The following statement was issued today by 27 Independent Experts of the Commission on Human rights, on the occasion of the United Nations Human Rights Day.
"Over the years, we have witnessed the immense obstacles certain persons and groups face in enjoying their human rights fully. Among the groups most at risk and in need of protection are indigenous peoples, who have suffered perennial prejudice and discrimination.
Human Rights Day coincides this year with the end of the First International Decade of the World's Indigenous People. In many countries indigenous peoples are the victims of extrajudicial executions, arbitrary detention, torture, forced evictions and many forms of discrimination, in particular in the administration of justice. In too many places, they also lack access to basic social rights, such as the rights to health, food, culturally appropriate education and adequate housing.
Within the indigenous community, the plight of women and human rights defenders is often exacerbated. Indigenous women face multiple forms of discrimination, both as women and as members of the indigenous community. There must be effective implementation of international human rights laws to eradicate gender-based violence, and tackle its causes effectively.
When they fight for the promotion and protection of human rights, and claim redress for violations they were subjected to, indigenous peoples are, in many parts of the world, specifically targeted and subjected to threats, intimidation, reprisals and attacks.
Indigenous peoples are also often adversely affected by internal displacement and migration. Their social and economic marginalization adds to the risks they face during displacement, and return and resettlement. As migrants, they are in many instances subject to exploitative conditions of work and other forms of abuse.
We strongly believe that human rights education is an essential tool to address the rising tide of racial discrimination and xenophobia; discrimination that lies beneath the root causes of human rights violations suffered by these groups. Human rights education can constitute an empowering process for those who are marginalized. It is indispensable in bridging the existing protection gap for marginalized groups, who should be fully involved in the design, delivery and evaluation of any educational activity addressing them. In this respect, we welcome the launch today by the General Assembly of a world Programme on Human Rights Education, which will contribute to building a culture of human rights for all.
As we embark on the process of defining the goals for a Second International Decade of the World's Indigenous People, we call on Governments, United Nations agencies and programmes, civil society, the private sector and every individual to focus on the need to protect the human rights of indigenous peoples. Human rights violations remain the main concern for millions of indigenous peoples and thousands of indigenous communities around the world. We urge everyone, civil society, the private sector, the international community and every individual to step up efforts to promote and protect the human rights of indigenous peoples.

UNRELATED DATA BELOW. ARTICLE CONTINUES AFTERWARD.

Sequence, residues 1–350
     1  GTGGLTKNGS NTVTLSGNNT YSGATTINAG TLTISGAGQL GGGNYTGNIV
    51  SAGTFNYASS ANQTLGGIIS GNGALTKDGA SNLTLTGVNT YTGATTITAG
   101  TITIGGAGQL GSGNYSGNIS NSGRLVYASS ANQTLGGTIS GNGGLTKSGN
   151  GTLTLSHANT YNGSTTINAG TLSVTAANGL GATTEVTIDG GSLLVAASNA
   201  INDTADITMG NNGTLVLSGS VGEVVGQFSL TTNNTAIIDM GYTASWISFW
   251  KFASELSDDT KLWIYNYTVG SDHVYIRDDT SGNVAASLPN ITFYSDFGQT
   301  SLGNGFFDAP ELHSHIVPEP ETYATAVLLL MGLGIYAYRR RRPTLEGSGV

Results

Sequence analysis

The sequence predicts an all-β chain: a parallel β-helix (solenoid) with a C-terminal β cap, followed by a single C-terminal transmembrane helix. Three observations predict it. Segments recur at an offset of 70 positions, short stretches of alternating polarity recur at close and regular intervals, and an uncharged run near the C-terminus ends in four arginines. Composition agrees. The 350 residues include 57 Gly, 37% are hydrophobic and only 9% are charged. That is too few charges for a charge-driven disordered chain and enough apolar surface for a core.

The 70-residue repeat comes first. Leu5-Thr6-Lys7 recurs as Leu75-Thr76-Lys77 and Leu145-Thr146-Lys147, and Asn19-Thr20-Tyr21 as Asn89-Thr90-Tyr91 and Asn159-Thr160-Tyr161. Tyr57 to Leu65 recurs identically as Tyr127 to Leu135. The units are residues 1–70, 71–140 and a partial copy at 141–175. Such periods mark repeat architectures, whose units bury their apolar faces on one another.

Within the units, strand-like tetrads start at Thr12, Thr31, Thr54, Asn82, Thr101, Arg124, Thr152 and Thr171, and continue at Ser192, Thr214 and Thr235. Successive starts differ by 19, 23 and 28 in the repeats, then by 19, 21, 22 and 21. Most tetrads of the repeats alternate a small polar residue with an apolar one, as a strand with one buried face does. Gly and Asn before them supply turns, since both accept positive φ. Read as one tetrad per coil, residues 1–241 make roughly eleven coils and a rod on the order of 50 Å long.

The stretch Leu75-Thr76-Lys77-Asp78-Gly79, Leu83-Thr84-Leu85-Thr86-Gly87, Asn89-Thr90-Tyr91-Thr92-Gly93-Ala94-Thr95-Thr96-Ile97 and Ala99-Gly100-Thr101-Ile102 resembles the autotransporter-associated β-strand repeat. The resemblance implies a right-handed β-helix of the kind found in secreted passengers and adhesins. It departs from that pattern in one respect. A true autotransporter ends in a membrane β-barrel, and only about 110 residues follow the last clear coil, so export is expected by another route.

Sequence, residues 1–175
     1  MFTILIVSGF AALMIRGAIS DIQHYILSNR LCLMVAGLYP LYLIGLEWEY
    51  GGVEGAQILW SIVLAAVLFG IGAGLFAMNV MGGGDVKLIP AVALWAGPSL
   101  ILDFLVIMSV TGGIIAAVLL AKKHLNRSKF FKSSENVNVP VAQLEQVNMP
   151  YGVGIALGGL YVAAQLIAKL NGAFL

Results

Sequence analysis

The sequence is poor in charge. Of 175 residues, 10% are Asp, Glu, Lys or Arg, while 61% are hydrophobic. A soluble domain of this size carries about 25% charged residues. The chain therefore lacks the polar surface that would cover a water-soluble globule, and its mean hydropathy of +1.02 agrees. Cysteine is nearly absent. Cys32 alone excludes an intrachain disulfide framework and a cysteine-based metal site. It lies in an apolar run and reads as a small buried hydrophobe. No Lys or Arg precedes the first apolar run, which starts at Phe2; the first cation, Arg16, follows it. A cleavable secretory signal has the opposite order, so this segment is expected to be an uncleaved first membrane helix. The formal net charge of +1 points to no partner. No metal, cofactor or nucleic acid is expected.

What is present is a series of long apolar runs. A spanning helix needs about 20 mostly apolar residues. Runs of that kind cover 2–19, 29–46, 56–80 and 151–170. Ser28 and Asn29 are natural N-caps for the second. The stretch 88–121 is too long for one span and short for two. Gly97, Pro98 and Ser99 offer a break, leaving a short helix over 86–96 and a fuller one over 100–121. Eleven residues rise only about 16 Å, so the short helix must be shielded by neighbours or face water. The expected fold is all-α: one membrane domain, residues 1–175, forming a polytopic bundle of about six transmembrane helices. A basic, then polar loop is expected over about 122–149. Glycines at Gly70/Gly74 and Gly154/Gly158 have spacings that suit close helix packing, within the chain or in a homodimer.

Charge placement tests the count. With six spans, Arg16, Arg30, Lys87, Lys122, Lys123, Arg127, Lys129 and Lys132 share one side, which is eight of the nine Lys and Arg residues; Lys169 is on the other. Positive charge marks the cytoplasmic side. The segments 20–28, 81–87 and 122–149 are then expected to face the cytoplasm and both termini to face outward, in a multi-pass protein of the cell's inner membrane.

The independent experts are:
Mr. Emmanuel Akwei, Independent expert on the situation of human rights in Sudan
Mr. Philip Alston, Special Rapporteur on extrajudicial, summary or arbitrary executions
Mr. M. Cherif Bassiouni, Independent Expert on the situation of human rights in Afghanistan
Mr. Leandro Despouy, Special Rapporteur on the independence of judges and lawyers
Mr. Doudou Diène, Special Raporteur on Racism, Racial Discrimination, Xenophobia and Related Intolerance .
Mr. John Dugard, Special Rapporteur on the situation of human rights in the Palestinian territories occupied by Israel since 1967
Ms. Yakin Ertürk, Special Rapporteur on violence against women, its causes and consequences
Ms. Sigma Huda, Special Rapporteur on trafficking in persons, especially in women and children
Mr. Paul Hunt, Special Rapporteur on the right of everyone to the enjoyment of the highest attainable standard of physical and mental health
Mr. Okechkuwu Ibeanu, Special Rapporteur on the adverse effects of the illicit movement and dumping of toxic and dangerous products and wastes on the enjoyment of human rights
Ms. Asma Jahangir, Special Rapporteur on the right to freedom of religion or belief
Ms. Hina Jilani, Special Representative of the Secretary-General on human rights defenders
Mr. Walter Kalin, Representative of the Secretary General on the human rights of internally displaced persons
Mr. Miloon Kothari, Special Rapporteur on adequate housing as a component of the right to an adequate standard of living
Mr. Peter Leuprecht, Special Representative of the Secretary-General for human rights in Cambodia
Mr. Ambeyi Ligabo Special Rapporteur on Freedom of Opinion and Expression
Mr. Vernor Muñoz, Special Rapporteur on the right to education
Mr. Manfred Nowak, Special Rapporteur against torture and other cruel, inhuman or degrading treatment or punishment
Ms. Diane Orentlicher, Independent expert to update Set of Principles to combat impunity
Mr. Titinga Frédéric Pacéré, Independent expert on the situation of human rights in the Democratic Republic of the Congo
Mr. Juan Miguel Petit, Special Rapporteur on the sale of children, child prostitution and child pornography
Ms. Gabriela Rodrígez, Special Rapporteur on the human rights of migrants
Mr. Paulo Sergio Pinheiro, Special Rapporteur on the situation of human rights in Myanmar
Mr. Arjun Sengupta, Independent Expert on Human Rights and Extreme Poverty
Mr. Rodolfo Stavenhagen, Special Rapporteur on human rights and fundamental freedoms of indigenous people
Mr. Stephen Toope, Chairman-Rapporteur of the Working Group on enforced or involuntary disappearances
Mr. Jean Ziegler, Special Rapporteur on the right to food